National Consumer Protection Week Shred Event Scheduled for Saturday March 15

National Consumer Protection Week Shred Event Scheduled for Saturday March 15

Portland Police Badge
Portland Police Badge

March 14, 2014 10:05


National Consumer Protection Week (NCPW) is a federal program designed to highlight current issues and help customers improve their ability to combat fraud.

During NCPW, federal, state, and local consumer protection agencies, together with consumer organizations and industry associations, launch consumer protection and education efforts around the country.

On March 15, 2014, the United States Postal Inspection Service and the Portland Police Bureau are sponsoring a shred event at the Portland Police Bureau's Southeast Precinct, located at 4735 East Burnside Street.

The event will take place from 9:00 a.m. to 12:00 p.m., or until the truck is filled.

Consumers can bring up to two boxes or bags of documents to be shredded.

This year, the Postal Service and the Postal Inspection Service are partnering with AARP, a nonprofit organization dedicated to helping people 50 and older, to educate consumers about foreign lottery schemes that target older Americans.

The goals for NCPW are:

* Increase the awareness of older Americans and their caregivers about the dangers of foreign lottery schemes.
* Give consumers valuable information about protecting their assets from fraudsters.
* Provide a central location where consumers can report suspected fraud.

Anyone can be a victim of foreign lottery fraud, but scammers often seek out those whom they perceive as vulnerable. Increasingly, their victims include older Americans and cognitively challenged individuals. These crimes can seriously affect the lives of victims and their families.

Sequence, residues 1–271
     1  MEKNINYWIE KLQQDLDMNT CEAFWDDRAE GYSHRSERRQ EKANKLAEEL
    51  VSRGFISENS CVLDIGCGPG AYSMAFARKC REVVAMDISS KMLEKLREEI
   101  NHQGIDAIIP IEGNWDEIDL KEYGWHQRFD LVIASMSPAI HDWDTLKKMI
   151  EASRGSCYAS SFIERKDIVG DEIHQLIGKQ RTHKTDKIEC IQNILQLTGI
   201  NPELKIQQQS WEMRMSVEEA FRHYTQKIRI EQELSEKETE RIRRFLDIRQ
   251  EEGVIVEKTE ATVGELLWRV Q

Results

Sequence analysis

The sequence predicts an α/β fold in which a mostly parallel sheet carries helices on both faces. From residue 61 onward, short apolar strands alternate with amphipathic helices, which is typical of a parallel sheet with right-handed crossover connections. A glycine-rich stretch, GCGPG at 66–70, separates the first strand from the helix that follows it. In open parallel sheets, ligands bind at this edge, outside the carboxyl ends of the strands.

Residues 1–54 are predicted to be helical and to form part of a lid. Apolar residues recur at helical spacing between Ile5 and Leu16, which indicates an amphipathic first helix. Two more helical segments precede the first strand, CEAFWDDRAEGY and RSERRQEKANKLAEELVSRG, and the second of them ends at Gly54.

During NCPW, Postal Inspectors will discuss how Americans can avoid becoming the latest victims of this crime. Foreign lottery scammers talk a good game. They ask victims to pay to play - by wire, check, money order, or cash. They try to get consumers to send money that's just for "taxes and fees."

The Postal Inspection Service is warning older Americans and caregivers to beware - in a foreign lottery, it's more than just the odds against you. If you are contacted to play a foreign lottery by mail, email, or telephone; do the following:

* Hang up the phone, don't respond to the email, or shred the solicitation.
* Don't give out personal or financial information to anyone over the Internet or phone.
* Never wire or send money to anyone, anywhere who says you have won a foreign lottery.
* Don't let anyone pressure you into making an immediate decision.
* Never purchase anything until you get all the information in writing.

Foreign lotteries aren't just a risky proposition; under most circumstances, they're also illegal. A federal statute prohibits mailing lottery tickets, advertisements, or payments to purchase tickets in a foreign lottery.

An educated public is the first line of defense.

Visit for helpful information on how to protect yourself, and your loved ones, from fraud.



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